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A Comprehensive Nursing Care Plan for a Stroke Patient with Hypertension and Peripheral Oedema

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Developing a Nursing Care Plan for Stroke Symptoms, Hypertension, and Brain Swelling

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The present assignment is based on the given case study of a patient who has suffered from a stroke and needs urgent nursing care. The assignment deals with identifying the three major symptoms or health issues and their relevant discussion according to the existing literature. This assignment has also identified the comprehensive and logical arguments for ranking and prioritising persistent health issues. Lastly, a broad and detailed discussion on the role of the nurses in assessing the issues and implementing care plans is also presented. All the nursing care plans are based on the nursing health standards and policies of the “Australian Nursing and Midwifery Board (NMBA)”.

Identification of health issues

Ruby Stewart, a 66-year-old female, was diagnosed with Brain Stroke and has undergone “intravenous thrombolytic therapy Alteplase” three hours after the onset of Stroke. Based on the assessments, three critical clinical conditions have been detected, and these include the following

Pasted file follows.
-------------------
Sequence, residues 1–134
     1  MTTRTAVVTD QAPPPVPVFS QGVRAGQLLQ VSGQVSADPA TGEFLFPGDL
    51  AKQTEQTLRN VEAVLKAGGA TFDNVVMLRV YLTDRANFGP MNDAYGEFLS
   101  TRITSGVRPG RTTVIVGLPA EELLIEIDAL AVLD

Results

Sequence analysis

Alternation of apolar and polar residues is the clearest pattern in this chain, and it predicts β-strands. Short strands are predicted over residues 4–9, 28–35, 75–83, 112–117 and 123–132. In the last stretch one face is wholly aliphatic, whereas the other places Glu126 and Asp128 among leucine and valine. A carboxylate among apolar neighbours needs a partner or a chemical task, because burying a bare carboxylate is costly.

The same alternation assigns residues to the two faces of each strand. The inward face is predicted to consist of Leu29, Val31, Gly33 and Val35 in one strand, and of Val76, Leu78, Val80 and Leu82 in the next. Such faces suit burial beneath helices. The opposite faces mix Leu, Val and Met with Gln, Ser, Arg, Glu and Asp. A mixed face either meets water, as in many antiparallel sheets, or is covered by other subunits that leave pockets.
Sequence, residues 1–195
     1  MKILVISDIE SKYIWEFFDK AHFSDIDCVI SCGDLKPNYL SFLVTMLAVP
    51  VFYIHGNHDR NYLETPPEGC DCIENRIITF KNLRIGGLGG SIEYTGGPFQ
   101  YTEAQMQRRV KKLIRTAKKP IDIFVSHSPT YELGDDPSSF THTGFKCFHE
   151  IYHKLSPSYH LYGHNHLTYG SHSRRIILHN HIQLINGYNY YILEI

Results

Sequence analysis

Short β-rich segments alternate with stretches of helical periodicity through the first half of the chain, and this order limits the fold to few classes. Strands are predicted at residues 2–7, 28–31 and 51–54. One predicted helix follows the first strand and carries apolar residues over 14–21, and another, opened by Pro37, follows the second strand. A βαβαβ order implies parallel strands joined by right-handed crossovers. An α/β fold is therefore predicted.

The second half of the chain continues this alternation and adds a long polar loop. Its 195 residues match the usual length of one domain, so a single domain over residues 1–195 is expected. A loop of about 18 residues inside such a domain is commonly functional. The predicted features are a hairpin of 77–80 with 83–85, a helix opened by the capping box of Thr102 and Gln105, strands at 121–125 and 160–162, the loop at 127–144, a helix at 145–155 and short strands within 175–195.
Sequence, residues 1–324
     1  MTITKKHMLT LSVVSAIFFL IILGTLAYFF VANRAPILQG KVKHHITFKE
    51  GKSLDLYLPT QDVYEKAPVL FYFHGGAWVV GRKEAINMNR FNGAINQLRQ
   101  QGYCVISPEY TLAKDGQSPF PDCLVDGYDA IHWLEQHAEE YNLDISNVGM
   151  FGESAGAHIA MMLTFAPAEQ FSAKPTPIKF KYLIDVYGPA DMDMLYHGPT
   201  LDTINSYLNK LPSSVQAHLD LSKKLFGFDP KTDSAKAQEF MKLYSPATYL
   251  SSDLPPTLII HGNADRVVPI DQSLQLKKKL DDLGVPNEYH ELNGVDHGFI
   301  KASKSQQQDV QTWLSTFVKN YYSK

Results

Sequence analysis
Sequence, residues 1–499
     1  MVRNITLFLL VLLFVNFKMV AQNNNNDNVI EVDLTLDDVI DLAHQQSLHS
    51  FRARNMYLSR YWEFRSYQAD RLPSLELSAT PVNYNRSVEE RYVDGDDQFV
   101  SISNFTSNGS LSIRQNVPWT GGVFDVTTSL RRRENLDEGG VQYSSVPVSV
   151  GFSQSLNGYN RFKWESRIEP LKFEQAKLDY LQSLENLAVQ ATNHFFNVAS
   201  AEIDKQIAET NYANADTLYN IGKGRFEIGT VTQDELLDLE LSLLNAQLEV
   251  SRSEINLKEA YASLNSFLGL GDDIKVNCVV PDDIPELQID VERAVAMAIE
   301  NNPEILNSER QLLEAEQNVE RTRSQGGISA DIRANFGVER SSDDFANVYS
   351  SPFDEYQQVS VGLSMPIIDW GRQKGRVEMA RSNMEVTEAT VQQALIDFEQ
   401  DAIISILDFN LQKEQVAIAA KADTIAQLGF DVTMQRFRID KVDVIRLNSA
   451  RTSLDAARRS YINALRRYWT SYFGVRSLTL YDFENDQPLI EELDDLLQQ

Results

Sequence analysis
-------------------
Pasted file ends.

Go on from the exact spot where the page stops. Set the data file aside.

Issue 1: Stroke

 Ruby Stewart was identified with Stroke. The condition is considered an interruption of the blood supply in any specific part of the brain that halts the normal functioning of the brain cells and leads to Stroke. The condition is also referred to as a brain attack in which the brain lacks blood, and that specific area of the brain is damaged, causing various problems related to speech impairment and nerve-related issues (Galego et al. 2018). In the current case scenario, the patient has no symptoms of nerve damage and speech impairment that have resulted from the brain stroke. Within three hours after the onset of the symptoms of brain stroke, the patient was administered intravenous "intravenous thrombolytic therapy Alteplase."

 Issue 2: Hypertension

Assessing the patient's case history, it can be demonstrated that the patient is hypertensive. The parent Blood pressure of the patient is 184/93 mmHg, whereas the normal BP is 120/80 mmHg. The result shows that the patient has higher blood pressure levels, which is the leading cause of brain stroke (Salinet et al. 2019). High blood pressure can cause blood clots to form within the arteries and result in blocking the normal blood flow within the brain. These gradually result in Stroke.